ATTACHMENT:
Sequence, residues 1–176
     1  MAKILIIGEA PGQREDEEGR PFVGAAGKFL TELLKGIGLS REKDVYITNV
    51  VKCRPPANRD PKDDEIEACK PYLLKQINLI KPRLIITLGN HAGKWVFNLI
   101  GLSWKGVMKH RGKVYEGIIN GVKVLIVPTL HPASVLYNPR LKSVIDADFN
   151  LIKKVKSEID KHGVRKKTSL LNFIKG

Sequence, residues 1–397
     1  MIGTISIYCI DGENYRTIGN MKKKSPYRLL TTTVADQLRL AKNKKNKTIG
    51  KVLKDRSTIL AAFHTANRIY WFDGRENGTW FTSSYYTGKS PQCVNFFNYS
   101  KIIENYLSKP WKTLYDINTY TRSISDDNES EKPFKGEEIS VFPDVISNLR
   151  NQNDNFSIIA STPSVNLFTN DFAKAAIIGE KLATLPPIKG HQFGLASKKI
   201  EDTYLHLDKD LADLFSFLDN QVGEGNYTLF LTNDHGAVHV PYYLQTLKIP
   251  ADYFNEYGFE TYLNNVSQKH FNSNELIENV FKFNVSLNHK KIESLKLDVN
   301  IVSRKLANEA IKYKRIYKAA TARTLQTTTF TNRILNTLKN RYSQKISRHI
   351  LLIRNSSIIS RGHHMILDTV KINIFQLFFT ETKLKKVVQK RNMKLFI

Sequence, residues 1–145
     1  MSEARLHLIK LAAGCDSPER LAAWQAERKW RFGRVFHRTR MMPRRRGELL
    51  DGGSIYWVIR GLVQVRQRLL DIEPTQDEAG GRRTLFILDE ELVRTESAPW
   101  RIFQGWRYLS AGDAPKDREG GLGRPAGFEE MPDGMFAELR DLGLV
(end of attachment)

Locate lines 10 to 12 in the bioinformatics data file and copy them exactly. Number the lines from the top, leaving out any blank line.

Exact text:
   151  NQNDNFSIIA STPSVNLFTN DFAKAAIIGE KLATLPPIKG HQFGLASKKI
   201  EDTYLHLDKD LADLFSFLDN QVGEGNYTLF LTNDHGAVHV PYYLQTLKIP
   251  ADYFNEYGFE TYLNNVSQKH FNSNELIENV FKFNVSLNHK KIESLKLDVN